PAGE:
Dr. Mom, My Adventures as a Mommy-Scientist

Discussion of my journey from grad school to postdoc to tenure with two kids, a husband, (and a bit of breast cancer) in tow.

Thursday, January 05, 2006

Project Ideas

One thing I haven't heard discussed much, but which seems to be the most important thing of all, is project ideas. This is all coming to a head for me as a prepare my first grant proposal with me as lead PI. It is for an award that asks about your general research directions rather than a specific project.

In my Ph.D., developing project ideas seemed impossible. I spent my whole first year generating them only to find that others had published them before or they were hopelessly impractical. Finally, with the help of my two advisors, we hit on something that everyone liked and I went to work. Because my idea was fairly big picture there really weren't too many opportunities for corollary projects, and I pretty much concentrated on achieving that one goal. There were a few things I wanted to do, but time, the feelings of my advisors, and money did make this practical.

In my postdoc, the general themes were mutually agreed upon by my advisor and myself at the beginning of the project, but since arrival I have almost complete freedom. I have got some great work going on a rather solid premise, and am now coming up with creative twists for high impact side projects. My postdoc is actually coming along very well and I am really excited about what I will publish before leaving here.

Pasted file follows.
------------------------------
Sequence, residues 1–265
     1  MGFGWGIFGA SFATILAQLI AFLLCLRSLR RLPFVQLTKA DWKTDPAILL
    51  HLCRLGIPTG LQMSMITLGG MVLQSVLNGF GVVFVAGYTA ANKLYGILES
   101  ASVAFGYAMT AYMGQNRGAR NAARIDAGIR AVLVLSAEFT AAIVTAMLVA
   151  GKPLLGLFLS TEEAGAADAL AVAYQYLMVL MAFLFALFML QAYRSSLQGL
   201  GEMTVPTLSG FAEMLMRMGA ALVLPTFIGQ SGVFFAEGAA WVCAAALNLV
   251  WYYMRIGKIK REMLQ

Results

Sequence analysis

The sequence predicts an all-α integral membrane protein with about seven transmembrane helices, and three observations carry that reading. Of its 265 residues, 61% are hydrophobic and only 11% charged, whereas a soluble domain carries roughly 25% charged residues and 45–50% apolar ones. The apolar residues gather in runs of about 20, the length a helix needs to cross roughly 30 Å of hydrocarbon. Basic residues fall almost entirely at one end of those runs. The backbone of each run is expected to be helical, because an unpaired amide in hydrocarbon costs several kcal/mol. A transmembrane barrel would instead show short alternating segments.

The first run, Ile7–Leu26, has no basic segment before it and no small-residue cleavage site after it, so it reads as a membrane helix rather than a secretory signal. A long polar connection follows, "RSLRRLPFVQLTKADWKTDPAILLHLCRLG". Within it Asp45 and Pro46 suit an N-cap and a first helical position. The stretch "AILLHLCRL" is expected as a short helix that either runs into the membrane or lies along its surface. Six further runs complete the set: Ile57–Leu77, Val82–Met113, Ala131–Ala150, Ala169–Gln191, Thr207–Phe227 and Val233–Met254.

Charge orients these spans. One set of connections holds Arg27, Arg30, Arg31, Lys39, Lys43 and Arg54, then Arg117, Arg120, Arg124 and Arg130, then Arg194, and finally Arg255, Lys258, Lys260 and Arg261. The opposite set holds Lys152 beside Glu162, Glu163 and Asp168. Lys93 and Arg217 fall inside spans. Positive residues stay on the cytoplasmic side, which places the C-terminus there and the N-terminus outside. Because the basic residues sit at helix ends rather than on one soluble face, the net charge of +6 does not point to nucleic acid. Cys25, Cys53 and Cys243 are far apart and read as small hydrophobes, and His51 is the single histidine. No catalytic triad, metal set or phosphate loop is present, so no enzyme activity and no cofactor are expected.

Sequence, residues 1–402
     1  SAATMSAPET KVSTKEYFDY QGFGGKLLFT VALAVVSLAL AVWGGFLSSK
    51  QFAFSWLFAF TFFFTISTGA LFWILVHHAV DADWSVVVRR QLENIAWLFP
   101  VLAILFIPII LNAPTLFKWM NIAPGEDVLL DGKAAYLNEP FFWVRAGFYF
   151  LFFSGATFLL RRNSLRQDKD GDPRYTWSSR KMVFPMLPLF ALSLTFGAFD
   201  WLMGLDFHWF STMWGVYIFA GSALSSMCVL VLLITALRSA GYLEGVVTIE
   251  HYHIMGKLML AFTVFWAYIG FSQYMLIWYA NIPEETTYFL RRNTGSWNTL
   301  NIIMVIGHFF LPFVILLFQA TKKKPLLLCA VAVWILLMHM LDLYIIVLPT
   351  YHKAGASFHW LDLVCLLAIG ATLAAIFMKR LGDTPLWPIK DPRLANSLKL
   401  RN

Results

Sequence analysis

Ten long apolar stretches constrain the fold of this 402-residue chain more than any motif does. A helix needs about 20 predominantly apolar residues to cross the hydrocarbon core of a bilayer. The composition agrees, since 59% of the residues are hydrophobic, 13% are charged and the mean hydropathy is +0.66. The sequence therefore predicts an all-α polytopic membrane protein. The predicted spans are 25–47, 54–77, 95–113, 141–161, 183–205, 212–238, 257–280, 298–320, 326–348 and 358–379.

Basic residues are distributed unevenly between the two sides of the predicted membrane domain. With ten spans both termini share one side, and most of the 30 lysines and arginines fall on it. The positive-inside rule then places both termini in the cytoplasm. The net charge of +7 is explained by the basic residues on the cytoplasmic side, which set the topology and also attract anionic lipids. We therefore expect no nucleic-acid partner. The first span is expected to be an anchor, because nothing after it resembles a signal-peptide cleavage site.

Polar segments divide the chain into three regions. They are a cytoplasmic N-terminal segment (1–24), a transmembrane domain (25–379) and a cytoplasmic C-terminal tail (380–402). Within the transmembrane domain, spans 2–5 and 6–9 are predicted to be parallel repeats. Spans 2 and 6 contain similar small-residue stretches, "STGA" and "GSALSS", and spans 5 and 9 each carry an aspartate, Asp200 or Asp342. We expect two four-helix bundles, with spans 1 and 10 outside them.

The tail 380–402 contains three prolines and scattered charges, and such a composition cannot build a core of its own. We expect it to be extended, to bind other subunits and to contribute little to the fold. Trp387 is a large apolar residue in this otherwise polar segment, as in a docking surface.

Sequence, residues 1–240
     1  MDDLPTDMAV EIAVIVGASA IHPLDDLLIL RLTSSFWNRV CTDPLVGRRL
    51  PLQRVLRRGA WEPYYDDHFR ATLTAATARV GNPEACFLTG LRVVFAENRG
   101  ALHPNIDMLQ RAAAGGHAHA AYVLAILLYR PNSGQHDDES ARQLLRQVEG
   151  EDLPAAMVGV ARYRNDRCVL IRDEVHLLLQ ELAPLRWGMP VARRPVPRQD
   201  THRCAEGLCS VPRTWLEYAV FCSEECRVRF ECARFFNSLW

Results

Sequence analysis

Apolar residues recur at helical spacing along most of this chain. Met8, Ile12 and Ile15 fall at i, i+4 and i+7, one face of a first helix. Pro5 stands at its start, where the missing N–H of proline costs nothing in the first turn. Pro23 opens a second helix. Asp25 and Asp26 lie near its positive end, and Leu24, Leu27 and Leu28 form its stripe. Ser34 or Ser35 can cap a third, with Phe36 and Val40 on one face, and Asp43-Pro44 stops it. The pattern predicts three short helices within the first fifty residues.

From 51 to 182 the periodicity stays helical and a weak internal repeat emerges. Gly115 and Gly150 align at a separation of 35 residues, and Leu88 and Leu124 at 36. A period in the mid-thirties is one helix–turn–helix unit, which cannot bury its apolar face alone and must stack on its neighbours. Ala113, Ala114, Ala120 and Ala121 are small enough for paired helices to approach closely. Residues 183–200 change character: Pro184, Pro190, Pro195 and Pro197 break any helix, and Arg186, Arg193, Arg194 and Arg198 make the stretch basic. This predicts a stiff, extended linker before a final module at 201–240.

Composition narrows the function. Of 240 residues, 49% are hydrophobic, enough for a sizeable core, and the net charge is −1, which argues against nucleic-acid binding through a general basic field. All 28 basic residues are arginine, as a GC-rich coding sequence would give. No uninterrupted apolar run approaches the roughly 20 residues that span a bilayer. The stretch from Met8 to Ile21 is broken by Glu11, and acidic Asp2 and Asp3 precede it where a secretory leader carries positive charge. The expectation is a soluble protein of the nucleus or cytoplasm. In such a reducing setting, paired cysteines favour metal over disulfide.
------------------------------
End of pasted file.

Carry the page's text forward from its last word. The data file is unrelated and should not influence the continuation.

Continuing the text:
You would think that I am fairly comfortable with my research ideas. So why is it that the prospect of being judged solely on the tenor of my own ideas is so frightening. If the grant doesn't get funded, does that mean that my academic career is doomed? Obviously not, but it can certainly feel that way.

I actually have several interesting directions for future research, but I have trouble distilling everything into an overarching theme. I feel pulled in a couple really great directions and am pretty sure that once I settle down everything will come together, but settling down is so difficult. And the trouble is that you are really judged on the quality of your research, which is directly linked to the problems that you tackle and your method of approaching them, and you only have 6-7 years to prove yourself. So project ideas are SO important.

Ah, sigh.

A couple of days ago Young Female Scientist posted a link to a really interesting essay. She was primarily chagrined by the authors comments that you can do great science or change the system, but not both. Nonetheless, I think this is a great essay. The author recommends spending an afternoon a week thinking about the big picture in your field. I have been doing something like this for some time, but in the last few months it got away from me. So I went out to lunch last Friday just to contemplate my field, and the juices started flowing, and I got more really great ideas. [that are probably impossible for me to actually do.] The thing is out of all the ideas generated over the last year (about 30-40) only 3-4 are any good. I guess you only need one good idea, but it is a lot of work! Of course all of this just feeds into my fear of being unsuccessful. I'm taking some deep breaths and getting back to my work. Wish me luck on the grant!


At 10:32 PM , Blogger Gina said...

Dr. Mom, I love reading about how excited you are about your ideas. I think the ability to come up with creative ideas is one of the most important talents, and a difficult skill to learn. You clearly have that talent/skill and you'll always have that.


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